Political cartoon animals

Alpha and Omega
 
Starring the voices of Justin Long, Hayden Panettiere, Dennis Hopper, Danny Glover, Christina Ricci
Directed by Anthony Bell and Ben Gluck

 
Legend of the Guardians: The Owls of Ga’Hoole
 
Starring the voices of Abbie Cornish, Sam Neill, Geoffrey Rush, Hugo Weaving, Jim Sturgess, Helen Mirren
Directed by Zack Snyder

 
It’s apropos that these two films have been released at this time — right during the political “silly season.” That’s because they have exposed some interesting “facts” about some “political animals” — information that heretofore has not been well known. For example, you may not know this about these animals, but wolves (Alpha and Omega) and owls (Legends of the Guardians):
 


• Have not been rendered through computer animation (yet) by Disney, Pixar or Dreamworks; 
• Are three dimensional (uh, that is, when you put on special glasses); 
• Frolic in majestically stunning digital landscapes; 
• Look weirdly funny when talking like humans with their beaks and muzzles; 
• Have a rich and involved culture complete with politics, histories, traditions and legends; 
• Are widely divided politically in that there are those wolves and owls that are tolerant, peaceful, hopeful, and democratic, and then there are wolves and owls that are oppressive, domineering, power-hungry, and mean; 
• Have families where some siblings are misfits and struggling, while others are adventurous and competent; 
• Have adults that speak with voices that incredibly sound like famous, seasoned human actors; 
• Have youngsters that are forcefully abducted from their homes and transported to foreign, unfamiliar and scary lands; 

A scene from Alpha and Omega.
A scene from Legend of the Guardians: The Owls of Ga’Hoole.

• Have individuals who reject and seek to overthrow the dominant political paradigm;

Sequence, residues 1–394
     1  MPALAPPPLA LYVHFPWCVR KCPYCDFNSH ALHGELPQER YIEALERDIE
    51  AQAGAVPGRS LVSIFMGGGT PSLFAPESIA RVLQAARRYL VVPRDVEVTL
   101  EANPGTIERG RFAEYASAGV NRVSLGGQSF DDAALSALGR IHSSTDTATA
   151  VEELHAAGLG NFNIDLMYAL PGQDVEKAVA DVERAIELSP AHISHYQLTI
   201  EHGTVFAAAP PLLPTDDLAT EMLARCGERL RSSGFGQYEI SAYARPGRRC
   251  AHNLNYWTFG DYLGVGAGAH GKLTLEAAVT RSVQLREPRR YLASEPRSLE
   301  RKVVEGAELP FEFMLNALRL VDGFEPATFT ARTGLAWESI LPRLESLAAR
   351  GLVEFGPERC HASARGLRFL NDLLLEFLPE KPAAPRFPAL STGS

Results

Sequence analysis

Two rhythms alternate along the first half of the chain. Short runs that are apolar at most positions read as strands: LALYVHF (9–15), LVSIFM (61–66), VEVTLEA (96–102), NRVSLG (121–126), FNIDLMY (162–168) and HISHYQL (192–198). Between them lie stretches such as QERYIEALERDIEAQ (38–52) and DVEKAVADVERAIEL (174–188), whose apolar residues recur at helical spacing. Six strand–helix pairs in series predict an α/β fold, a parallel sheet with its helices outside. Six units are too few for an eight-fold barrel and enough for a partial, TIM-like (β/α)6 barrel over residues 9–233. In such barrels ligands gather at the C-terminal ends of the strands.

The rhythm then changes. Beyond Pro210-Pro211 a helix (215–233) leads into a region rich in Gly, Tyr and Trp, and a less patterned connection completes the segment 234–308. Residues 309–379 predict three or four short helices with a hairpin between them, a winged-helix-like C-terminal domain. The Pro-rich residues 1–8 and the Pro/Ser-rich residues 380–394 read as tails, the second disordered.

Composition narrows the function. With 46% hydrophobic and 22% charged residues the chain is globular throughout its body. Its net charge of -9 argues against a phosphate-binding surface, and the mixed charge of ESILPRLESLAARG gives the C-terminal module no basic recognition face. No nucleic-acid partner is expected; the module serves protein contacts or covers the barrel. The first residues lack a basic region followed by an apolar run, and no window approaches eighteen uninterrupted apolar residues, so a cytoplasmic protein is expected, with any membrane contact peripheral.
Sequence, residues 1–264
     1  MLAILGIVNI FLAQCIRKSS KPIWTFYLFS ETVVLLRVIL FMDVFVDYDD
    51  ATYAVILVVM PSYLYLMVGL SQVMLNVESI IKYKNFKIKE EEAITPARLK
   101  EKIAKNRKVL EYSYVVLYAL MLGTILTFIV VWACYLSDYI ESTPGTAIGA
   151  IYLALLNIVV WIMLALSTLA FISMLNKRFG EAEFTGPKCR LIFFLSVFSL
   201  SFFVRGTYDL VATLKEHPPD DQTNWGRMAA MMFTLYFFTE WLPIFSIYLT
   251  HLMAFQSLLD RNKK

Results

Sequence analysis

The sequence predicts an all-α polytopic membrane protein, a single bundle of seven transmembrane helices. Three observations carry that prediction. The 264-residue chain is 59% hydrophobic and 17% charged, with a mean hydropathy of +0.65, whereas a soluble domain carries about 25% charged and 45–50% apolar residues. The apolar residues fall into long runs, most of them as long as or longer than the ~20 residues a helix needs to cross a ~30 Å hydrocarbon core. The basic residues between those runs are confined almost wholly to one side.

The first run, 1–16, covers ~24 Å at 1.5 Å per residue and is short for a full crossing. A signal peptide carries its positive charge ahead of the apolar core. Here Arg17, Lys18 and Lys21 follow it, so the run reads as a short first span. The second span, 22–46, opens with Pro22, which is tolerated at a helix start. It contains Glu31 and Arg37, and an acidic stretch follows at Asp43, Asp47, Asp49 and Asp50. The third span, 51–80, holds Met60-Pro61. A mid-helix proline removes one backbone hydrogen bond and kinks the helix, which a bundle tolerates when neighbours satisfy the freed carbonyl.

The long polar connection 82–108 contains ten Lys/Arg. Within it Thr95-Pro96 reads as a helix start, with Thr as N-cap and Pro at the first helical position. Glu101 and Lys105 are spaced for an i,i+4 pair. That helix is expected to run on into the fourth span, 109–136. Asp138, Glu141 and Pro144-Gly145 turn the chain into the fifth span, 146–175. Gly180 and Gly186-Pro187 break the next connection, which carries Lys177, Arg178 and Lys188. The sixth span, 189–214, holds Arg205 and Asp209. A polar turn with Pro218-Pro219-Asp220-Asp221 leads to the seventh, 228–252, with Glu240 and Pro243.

• Are able to communicate with and seek assistance from members of completely different species — and those foreign animals are more than willing to provide such assistance; 
• Have youngsters that are surrounded by a band of supporters and friends that help them make their way in the big, scary world; 
• Are menaced by sibling rivalry; 
• Encounter birds that speak with a strange and humorous British (or Australian) accent that help them make their way back home; 
• Encounter all kinds of perils, obstacles and challenges on their way home; 
• Meet up with others of their kind who are goofy and comedic, while others are deadly serious and stern; 
• Have to confront the opposable segment of their species and battle them for dominance and power; 
• Awkwardly struggle to earn the affections of the opposite sex; 
• Provide snarky commentary about those awkward struggles to woo the opposite sex and become young adults; 
• Appeal to very young humans, and less so to the adults of the human species; 
• Use tools and other devices to help them get what they need and battle each other; 
• Learn that they possess more courage, strength and agility than they realize; and 
• Communicate with cheesy, hokey dialogue.
 
I know all of this may be scandalous and outrageous — suggesting that animals possess human traits and similarities (sort of like witchcraft?!). But, these films thought you needed to know all this about these species. At least we now know that we have more in common with our animal brethren than we thought. Nevertheless, although these animals talk, act and think like humans, they don’t physically evolve into humans.  

So, I guess that is another thing these films have in common: they both (amazingly!) disprove the theory of evolution.

Doug Young writes about political animals for The Colorado Statesman. He works for Sen. Mark Udall, the king of the jungle.